This does not answer the current question but answers the original one. So, it is being kept as it has been useful to some people so far.
In shell you could just use the date utility:
From man date:
%s seconds since 1970-01-01 00:00:00 UTC
%N nanoseconds (000000000..999999999)
The nanoseconds portion complement the seconds in the right way: when %N goes from 999999999 to 0 the %s increments one second. I dont have a reference for that (please edit if you can found it) but just works.
date utility x clock_gettime
Note that the number is not affected by changes in time zone but will be affected by changes in the system clock, like the changes made by the system administrator, NTP and adjtime function. However the CLOCK_MONOTONIC in the clock_gettime function is also affected, except by the administrator changes.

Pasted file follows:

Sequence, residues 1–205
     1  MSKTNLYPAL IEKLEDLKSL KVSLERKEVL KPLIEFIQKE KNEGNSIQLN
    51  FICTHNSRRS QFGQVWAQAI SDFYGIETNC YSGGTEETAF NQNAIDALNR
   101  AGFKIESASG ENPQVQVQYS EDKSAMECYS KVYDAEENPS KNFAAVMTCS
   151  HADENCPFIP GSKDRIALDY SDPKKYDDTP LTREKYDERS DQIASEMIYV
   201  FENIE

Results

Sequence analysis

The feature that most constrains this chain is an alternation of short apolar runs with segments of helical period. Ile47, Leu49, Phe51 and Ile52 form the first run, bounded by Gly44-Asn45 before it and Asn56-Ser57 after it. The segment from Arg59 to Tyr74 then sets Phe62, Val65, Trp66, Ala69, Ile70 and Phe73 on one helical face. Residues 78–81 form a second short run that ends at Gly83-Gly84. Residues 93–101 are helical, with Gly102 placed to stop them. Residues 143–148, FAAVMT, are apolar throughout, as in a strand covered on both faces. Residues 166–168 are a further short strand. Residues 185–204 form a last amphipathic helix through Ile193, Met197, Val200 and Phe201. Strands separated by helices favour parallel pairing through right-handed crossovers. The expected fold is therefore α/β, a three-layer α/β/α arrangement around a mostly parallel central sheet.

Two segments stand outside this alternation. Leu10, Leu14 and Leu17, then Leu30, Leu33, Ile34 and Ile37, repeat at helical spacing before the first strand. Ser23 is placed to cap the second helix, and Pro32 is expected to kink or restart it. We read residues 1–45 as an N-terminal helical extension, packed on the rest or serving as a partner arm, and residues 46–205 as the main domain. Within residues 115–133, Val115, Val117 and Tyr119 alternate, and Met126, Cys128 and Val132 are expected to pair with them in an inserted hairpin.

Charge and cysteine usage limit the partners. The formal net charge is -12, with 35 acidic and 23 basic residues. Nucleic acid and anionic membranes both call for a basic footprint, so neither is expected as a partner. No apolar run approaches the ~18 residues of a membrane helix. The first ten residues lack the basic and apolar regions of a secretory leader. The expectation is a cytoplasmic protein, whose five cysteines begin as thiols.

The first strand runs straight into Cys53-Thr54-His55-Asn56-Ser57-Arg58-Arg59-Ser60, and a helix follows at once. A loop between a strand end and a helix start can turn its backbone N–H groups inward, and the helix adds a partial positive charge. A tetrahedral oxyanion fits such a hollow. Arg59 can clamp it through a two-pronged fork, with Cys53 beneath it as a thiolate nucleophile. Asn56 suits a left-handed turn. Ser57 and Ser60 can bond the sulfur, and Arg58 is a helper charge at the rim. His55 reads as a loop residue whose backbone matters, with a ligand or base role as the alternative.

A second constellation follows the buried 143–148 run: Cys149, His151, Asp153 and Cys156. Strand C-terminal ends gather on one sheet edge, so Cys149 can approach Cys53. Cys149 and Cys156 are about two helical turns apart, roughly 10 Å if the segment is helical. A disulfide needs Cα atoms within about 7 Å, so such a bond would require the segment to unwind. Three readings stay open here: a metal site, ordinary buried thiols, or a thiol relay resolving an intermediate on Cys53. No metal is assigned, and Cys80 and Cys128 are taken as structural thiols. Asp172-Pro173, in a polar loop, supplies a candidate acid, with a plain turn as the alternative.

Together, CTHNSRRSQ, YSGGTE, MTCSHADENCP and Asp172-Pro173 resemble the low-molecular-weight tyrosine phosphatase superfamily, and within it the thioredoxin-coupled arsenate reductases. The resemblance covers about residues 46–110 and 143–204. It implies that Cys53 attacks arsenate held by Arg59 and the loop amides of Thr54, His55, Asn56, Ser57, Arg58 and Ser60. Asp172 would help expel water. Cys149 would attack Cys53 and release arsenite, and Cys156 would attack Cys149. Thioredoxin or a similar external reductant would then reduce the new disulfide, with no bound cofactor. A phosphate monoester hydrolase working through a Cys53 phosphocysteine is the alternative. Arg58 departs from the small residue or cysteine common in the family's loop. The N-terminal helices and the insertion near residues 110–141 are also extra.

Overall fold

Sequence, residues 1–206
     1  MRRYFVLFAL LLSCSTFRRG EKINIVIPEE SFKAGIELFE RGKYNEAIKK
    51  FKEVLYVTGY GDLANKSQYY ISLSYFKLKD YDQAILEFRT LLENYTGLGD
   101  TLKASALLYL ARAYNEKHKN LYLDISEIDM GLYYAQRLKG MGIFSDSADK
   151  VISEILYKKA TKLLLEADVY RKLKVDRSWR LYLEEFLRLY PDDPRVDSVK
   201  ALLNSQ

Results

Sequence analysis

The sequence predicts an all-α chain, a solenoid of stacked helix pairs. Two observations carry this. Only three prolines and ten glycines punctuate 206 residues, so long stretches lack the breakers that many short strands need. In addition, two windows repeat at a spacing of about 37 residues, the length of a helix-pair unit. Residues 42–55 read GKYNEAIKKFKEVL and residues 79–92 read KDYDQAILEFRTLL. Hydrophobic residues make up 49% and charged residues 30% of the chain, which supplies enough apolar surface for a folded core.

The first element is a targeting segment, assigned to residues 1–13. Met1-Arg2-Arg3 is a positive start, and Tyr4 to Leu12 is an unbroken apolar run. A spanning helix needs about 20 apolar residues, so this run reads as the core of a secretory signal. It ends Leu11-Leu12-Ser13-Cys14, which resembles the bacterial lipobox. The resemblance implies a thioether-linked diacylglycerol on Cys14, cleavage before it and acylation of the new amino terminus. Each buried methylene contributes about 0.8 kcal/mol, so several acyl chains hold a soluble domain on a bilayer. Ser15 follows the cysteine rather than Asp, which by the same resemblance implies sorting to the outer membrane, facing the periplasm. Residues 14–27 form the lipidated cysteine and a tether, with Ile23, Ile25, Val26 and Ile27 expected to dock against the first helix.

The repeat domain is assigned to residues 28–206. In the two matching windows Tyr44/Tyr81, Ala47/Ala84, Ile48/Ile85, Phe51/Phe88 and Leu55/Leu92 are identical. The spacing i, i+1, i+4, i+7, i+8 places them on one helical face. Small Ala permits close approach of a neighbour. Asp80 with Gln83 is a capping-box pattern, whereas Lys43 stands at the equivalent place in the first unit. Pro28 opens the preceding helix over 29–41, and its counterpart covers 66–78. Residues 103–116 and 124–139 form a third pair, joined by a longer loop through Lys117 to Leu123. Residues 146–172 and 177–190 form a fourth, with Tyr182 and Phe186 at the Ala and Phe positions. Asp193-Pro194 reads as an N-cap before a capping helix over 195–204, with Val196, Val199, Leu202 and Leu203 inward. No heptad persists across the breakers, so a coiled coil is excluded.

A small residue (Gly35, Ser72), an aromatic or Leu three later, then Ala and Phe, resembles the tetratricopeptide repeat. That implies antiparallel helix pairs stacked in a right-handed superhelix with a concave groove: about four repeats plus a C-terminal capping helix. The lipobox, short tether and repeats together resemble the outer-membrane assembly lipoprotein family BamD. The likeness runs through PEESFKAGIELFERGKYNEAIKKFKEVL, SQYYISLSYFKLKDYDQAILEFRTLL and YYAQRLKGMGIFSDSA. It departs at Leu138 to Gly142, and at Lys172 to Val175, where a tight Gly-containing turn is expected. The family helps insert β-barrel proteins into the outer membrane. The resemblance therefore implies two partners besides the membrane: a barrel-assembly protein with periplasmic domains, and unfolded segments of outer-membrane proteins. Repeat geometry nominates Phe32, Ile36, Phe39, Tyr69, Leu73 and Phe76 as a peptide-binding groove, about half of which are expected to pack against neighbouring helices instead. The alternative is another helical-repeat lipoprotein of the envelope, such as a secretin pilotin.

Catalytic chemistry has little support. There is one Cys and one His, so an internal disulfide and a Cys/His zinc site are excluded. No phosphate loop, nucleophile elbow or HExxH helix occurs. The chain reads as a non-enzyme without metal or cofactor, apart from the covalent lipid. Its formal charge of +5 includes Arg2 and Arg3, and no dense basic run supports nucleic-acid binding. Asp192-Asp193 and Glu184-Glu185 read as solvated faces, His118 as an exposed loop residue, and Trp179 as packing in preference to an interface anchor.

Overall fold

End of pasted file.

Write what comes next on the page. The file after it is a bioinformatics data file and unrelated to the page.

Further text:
CLOCK_MONOTONIC -- Clock that cannot be set and represents monotonic time
since some unspecified starting point. This clock is not affected by
discontinuous jumps in the system time (e.g., if the system administrator
manually changes the clock), but is affected by the incremental adjustments
performed by adjtime(3) and NTP.
Newer system has a better solution: CLOCK_MONOTIC_RAW. Despite that, this is a shell solution as requested.
To know more
Monotonic function in Wikipedia
The @caf user answer from Difference between CLOCK_REALTIME and CLOCK_MONOTONIC?:
CLOCK_MONOTONIC represents the absolute elapsed wall-clock time since some
arbitrary, fixed point in the past. It isn't affected by changes in the
system time-of-day clock.
If you want to compute the elapsed time between two events observed on the one
machine without an intervening reboot, CLOCK_MONOTONIC is the best option.